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Beginner
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Optimizer failure in 15.0.2

I've encountered a random crash in a program that we recently set to compile with "-auto" instead of "-save".  From what I've been able to tell, in the process of unwinding the loop on line 39 of "test2.for", it seems to have some out-of-order operations where it performs a mathematical operation (line 41: UNINIT_VAR(I)-LOCAL_2) using the value in one of the UNINIT_VAR prior to being set (line 40: UNINIT_VAR(I) = -(I-1)*LOCAL_4).  The random nature of the crash was because the random stack data that was being utilized for UNINIT_VAR(I) was only occasionally containing signaling NaNs.  I was finally able to get it to reproduce reliably by initializing the local variable "UNINIT_VAR" in the attached example to a signaling NaN.

The compile line we're using is (using compiler version 15.0.2):

ifort -extend-source 132 -assume nounderscore -assume nobscc -align dcommons -zero -sox -warn noalignments,general,ignore_loc,truncated_source,uncalled,usage -fp-stack-check -ccdefault fortran -traceback -no-global-hoist -mssse3 -fimf-arch-consistency=true -fimf-precision=high -no-fma -prec-div -fp-speculation=strict -prec-sqrt -fp-model strict -fp-model source -fpe0 -assume protect-parens -nogen-interfaces -O2 -fPIC -m32 -o test1.o -c -auto test1.for

ifort -extend-source 132 -assume nounderscore -assume nobscc -align dcommons -zero -sox -warn noalignments,general,ignore_loc,truncated_source,uncalled,usage -fp-stack-check -ccdefault fortran -traceback -no-global-hoist -mssse3 -fimf-arch-consistency=true -fimf-precision=high -no-fma -prec-div -fp-speculation=strict -prec-sqrt -fp-model strict -fp-model source -fpe0 -assume protect-parens -nogen-interfaces -O2 -fPIC -m32 -o test2.o -c -auto test2.for

ifort -m32 -o flt_test test1.o test2.o

The above will produce a floating point invalid operation on line 40 of test2.for.  This does not appear to happen when using 18.0.5, but I'd like to confirm this bug was actually fixed and just didn't get "hidden" by an intervening change.

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7 Replies
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Black Belt Retired Employee
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Please try it with 19.1 and see what you get. There's really no point in wasting cycles on a possible bug five versions ago.

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Beginner
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I don't have 19, but I did try it with 18.0.5 and it didn't have the issue.  But again, removing or changing certain lines in the test program made it go away with 15.  I wanted to make sure this was actually resolved, and didn't just "go back in its gopher hole" because the optimizer rules kicked in slightly differently in newer versions.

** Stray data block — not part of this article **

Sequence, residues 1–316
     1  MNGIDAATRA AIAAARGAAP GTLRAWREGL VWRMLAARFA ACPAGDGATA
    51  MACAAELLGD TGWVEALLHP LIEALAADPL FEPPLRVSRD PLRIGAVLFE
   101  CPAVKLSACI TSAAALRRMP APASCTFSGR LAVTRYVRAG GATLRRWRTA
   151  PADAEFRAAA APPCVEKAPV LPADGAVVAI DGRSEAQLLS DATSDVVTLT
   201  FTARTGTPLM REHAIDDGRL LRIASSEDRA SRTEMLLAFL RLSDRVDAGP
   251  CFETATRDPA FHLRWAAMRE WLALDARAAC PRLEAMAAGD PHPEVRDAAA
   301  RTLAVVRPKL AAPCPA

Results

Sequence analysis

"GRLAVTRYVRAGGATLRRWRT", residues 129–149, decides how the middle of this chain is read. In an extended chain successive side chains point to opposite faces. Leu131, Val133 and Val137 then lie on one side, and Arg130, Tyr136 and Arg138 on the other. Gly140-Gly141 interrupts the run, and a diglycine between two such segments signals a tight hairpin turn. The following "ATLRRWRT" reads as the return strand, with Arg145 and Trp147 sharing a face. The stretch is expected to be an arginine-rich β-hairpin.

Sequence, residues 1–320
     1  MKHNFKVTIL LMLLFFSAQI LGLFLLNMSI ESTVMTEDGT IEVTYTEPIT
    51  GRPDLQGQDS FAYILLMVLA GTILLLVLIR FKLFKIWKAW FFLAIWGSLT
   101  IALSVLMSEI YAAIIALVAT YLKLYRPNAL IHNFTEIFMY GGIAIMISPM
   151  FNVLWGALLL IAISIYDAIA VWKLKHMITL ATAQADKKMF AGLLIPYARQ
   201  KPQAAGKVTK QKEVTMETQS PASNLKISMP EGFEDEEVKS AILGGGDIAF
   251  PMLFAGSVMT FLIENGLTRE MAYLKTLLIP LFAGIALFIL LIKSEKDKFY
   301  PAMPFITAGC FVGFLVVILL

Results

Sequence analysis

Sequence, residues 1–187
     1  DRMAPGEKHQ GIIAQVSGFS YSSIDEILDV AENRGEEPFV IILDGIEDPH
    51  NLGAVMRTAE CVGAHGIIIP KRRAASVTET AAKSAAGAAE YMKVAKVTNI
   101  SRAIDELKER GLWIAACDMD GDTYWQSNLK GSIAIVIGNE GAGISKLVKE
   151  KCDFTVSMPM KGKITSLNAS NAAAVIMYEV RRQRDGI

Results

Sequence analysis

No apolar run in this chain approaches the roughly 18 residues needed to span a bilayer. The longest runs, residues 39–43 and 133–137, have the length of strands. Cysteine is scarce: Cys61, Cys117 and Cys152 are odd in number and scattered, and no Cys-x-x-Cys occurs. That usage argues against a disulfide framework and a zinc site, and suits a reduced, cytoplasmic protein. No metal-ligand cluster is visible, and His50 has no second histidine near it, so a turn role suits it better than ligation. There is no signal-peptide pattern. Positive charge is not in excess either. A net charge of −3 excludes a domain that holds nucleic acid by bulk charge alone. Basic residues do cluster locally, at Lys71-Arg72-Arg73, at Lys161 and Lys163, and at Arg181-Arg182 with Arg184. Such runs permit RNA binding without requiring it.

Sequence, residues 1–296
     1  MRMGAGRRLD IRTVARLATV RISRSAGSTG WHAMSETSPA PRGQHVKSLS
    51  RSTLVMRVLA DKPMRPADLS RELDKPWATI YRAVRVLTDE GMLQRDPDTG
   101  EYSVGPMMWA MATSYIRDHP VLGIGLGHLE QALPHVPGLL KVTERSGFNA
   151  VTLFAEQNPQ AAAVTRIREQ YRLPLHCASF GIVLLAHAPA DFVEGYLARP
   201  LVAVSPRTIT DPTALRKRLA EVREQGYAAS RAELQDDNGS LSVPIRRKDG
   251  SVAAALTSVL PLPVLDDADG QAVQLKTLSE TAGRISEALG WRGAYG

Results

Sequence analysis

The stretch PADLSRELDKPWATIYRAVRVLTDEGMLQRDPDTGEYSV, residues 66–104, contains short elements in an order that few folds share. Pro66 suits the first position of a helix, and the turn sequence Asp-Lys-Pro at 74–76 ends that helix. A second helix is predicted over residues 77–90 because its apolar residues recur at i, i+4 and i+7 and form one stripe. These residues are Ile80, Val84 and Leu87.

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Black Belt Retired Employee
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There's no way to find out at this point, sorry. Even when I was working for Intel support, a request to try to analyze a bug in a years-old version that was not reproducible in a newer one would be greeted with, um, laughter, yes, that's it.... 

It's not at all unusual for optimizer bugs to be sensitive to code order. You'll just have to assume that the bug was fixed until or unless you find evidence to the contrary.

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Beginner
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Ok, we'll try compiling our entire program with -init=snan and -init=arrays to see if it shows back up.  We never do this on our optimized code, but I suppose it would be good practice to make sure nothing wonky is going on.

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Black Belt Retired Employee
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I also recommend -warn interface.

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Beginner
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Yes, we do that in our debug compilation arguments, which is done first before building the optimized executables.

 

Speaking of optimized binaries, I recall awhile back there was no plan to implement any pragma (or other) directives to hint to the compiler the likelihood of certain conditions (such as GCC's __builtin_expect feature).  It was suggested at the time we just use profiler-driven optimization, but for numerous reasons we can't employ that.  Is it still the case that the programmer isn't able to directly pass hints to the optimizer?

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Black Belt Retired Employee
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No, it is not the case. There are multiple directives in this category, including ASSUME and LOOP_COUNT. (There are others.) Read about them in the Language Reference chapter on Directive Enhanced Compilation (DEC). You will, of course, need to use a more recent compiler.

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